And we didn’t have a walk-in. We just had a double door fridge.” The restaurant is clean and new, but when he leads me down the steps to the basement with antiquated brick walls the character ratchets up. “We added the walk-in down here like the sixth week we were here because we were just dying,” he says. He opens it up for me to see the fastidiously organized and spotless shelves beautifully displaying a large selection of cheeses and racks of curing meats. “I think we buy more cheeses than probably anyone in town.” Shockingly, the freezer at Toro Bravo is tiny, a fact that appears to amuse us both. “Our anchovies and octopus come in frozen from Spain, but there’s really not a whole lot going on in here – some Limoncello,” he says.

Gorham says he thinks about what he will do at Toro Bravo “constantly – seven days a week.” He changes the menu daily and is continuously on top of what produce is coming in and busy adjusting traditional dishes.He imagines in the future he’ll do other projects, but he says, “I love this restaurant. For now I’m pretty happy. Extremely happy. We have a good time. That’s what’s important. The whole idea of a restaurant was to throw a party every night.”

Elizabeth Lopeman recently earned an M.A. in writing from Portland State. She writes book reviews and regular articles for Eugene Magazine and has contributed to various other local and regional publications. She’s also been known to write cd liner notes, web content, press releases, and of course her passion — fiction.You can read more about her at ElizabethLopeman.com

Your thoughts are welcome

  1. polloelastico says

    Wonderful interview, Elizabeth.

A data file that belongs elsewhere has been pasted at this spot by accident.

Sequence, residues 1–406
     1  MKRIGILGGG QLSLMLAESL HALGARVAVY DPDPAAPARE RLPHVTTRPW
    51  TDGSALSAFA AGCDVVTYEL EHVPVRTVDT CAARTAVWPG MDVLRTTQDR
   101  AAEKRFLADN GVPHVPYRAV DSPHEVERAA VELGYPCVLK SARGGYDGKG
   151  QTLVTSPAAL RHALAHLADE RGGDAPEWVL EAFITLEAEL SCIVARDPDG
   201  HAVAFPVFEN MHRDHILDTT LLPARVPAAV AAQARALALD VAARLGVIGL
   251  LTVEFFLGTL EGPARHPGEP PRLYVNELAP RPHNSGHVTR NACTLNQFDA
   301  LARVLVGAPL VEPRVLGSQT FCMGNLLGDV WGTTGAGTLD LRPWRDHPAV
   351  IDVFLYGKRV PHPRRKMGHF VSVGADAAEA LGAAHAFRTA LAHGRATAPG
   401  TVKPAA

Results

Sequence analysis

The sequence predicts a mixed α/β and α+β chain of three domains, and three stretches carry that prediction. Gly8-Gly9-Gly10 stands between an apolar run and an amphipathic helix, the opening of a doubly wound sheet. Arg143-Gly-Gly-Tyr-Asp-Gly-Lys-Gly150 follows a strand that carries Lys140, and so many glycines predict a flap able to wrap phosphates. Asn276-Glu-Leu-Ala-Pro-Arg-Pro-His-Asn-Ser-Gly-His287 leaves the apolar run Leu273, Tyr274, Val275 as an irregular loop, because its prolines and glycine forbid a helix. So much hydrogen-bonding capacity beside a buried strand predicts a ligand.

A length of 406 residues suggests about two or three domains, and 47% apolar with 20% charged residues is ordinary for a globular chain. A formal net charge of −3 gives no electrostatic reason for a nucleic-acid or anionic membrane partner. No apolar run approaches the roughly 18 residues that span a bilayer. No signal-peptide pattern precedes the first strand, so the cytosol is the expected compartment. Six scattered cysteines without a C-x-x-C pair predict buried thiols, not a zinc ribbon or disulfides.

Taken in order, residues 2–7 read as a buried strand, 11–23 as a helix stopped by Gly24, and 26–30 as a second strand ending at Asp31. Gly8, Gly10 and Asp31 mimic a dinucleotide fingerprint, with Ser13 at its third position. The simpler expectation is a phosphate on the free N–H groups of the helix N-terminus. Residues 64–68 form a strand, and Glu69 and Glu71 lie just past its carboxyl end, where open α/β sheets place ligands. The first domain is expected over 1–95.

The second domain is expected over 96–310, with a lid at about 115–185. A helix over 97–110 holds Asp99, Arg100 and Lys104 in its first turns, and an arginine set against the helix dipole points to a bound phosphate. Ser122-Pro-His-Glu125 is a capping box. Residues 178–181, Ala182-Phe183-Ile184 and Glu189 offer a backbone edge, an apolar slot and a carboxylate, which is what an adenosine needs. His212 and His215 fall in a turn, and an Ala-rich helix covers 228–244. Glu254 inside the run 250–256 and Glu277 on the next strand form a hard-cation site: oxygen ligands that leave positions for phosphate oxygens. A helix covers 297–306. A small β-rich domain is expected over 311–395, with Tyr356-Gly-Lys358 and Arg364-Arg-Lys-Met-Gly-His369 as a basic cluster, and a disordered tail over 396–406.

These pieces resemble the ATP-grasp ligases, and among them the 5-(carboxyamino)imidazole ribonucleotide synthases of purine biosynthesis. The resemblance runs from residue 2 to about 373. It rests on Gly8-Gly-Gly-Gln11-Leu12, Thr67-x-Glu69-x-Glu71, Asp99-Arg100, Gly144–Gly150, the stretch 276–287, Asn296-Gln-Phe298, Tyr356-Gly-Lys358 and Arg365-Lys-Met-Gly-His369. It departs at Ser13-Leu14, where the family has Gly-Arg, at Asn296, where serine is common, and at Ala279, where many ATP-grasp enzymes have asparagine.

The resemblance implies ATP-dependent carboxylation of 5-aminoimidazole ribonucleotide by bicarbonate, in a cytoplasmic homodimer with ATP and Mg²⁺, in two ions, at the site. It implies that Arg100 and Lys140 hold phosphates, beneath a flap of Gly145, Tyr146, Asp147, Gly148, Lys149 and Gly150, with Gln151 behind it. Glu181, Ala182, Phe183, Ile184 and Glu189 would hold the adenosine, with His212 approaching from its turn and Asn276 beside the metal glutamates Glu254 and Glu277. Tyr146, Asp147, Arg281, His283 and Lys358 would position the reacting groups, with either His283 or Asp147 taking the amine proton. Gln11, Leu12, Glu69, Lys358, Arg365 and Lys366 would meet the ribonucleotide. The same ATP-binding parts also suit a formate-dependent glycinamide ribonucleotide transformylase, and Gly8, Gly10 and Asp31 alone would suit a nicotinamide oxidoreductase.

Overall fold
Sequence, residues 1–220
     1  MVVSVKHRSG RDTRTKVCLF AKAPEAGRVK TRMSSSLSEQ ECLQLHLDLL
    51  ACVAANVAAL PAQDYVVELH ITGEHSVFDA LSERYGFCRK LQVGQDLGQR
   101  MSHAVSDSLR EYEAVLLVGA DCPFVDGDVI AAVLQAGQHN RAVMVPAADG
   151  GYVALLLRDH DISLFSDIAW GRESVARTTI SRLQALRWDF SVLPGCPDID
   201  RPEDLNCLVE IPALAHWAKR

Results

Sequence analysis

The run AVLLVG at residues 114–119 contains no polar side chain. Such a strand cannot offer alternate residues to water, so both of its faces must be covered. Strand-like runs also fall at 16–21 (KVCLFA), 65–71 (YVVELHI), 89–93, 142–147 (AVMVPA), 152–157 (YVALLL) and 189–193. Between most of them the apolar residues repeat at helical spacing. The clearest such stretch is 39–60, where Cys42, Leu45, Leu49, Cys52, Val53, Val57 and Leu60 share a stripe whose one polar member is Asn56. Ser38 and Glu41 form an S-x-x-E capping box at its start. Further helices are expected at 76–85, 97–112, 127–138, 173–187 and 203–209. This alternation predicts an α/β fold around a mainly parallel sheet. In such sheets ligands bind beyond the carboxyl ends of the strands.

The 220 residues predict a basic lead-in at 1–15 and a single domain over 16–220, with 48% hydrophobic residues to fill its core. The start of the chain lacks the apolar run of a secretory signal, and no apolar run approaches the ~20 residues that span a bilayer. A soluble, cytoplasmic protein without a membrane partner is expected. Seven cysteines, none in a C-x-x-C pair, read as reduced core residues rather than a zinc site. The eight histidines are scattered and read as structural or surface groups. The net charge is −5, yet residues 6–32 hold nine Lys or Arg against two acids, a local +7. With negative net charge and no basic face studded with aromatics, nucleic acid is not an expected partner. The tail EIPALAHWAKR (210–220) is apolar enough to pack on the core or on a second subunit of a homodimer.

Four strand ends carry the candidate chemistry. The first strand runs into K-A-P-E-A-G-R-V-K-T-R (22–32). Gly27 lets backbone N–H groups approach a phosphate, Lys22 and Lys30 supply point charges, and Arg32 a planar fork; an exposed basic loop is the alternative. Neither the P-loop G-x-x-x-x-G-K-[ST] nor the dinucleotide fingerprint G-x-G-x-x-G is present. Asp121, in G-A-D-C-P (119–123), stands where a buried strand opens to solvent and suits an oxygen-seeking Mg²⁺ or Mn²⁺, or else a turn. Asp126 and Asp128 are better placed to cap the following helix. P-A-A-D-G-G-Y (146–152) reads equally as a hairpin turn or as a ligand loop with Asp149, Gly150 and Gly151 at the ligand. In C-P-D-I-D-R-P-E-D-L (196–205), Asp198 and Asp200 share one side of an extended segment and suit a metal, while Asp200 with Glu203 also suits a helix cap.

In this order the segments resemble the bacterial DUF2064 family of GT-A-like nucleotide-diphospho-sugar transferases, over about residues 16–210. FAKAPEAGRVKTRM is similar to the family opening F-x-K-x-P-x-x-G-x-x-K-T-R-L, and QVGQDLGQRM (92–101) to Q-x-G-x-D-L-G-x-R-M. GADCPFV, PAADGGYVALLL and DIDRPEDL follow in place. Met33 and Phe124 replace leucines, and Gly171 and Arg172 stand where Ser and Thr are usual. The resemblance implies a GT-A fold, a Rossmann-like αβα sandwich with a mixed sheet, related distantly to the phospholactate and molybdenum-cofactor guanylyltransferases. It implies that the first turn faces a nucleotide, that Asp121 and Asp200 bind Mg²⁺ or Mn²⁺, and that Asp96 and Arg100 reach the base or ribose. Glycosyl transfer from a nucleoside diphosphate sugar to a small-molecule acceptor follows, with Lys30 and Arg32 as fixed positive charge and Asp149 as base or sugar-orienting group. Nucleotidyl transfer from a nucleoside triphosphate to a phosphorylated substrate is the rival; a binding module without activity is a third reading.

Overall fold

It does indeed look like they are having a good time back there. Each time I’ve been the floor is slammed and they appear to be handling everything with grace.

    It’s good to see somebody with passion and aplomb — yet who appears grounded — be successful. I wish TB continued success and I’ll do my part by continuing to eat there and recommending the place to friends and out-of-towners.

  2. Amoureuse says

    Great article. John & Courtney deserve nothing but the best. I have been to Toro Bravo over a dozen times, it would be more but I hate the long lines ( impatient….sorry ) buut always agreat meal and a great value. The only problem is you end up over eating cause its hard to limit your order.

  3. johnee says

    I love the place too and found that going at 9:00 or a little after seems to work well (I eat late anyway so what’s another hour). Even when busy the front of the house and staff are relaxed, a sign that they treat their people very well. John may have the meat background but he is absolutely spot on with his vegetables.

  4. vicki says

    …and I like to eat early. If you’re there at 5:15 there isn’t a problem getting in, but by the time we finish, it’s packed.

  5. sgj says

    and I like to walk or bike over cuz I am lucky enough to live in the same hood! I just went to the Oregon wine country, and met with John Grochau and bought some of his Tempranillo, and my comment to my husband is this would go so well with Toro Bravo paella…And I met a young chef/winemaker couple from Seattle, and when they asked for good foodie picks, top of the list was Toro Bravo.

  6. Relleno says

    There is now a bar upstairs from Toro Bravo where you can enjoy a perfect (!) classic cocktail while you wait until your table is ready. It is called the Secret Society.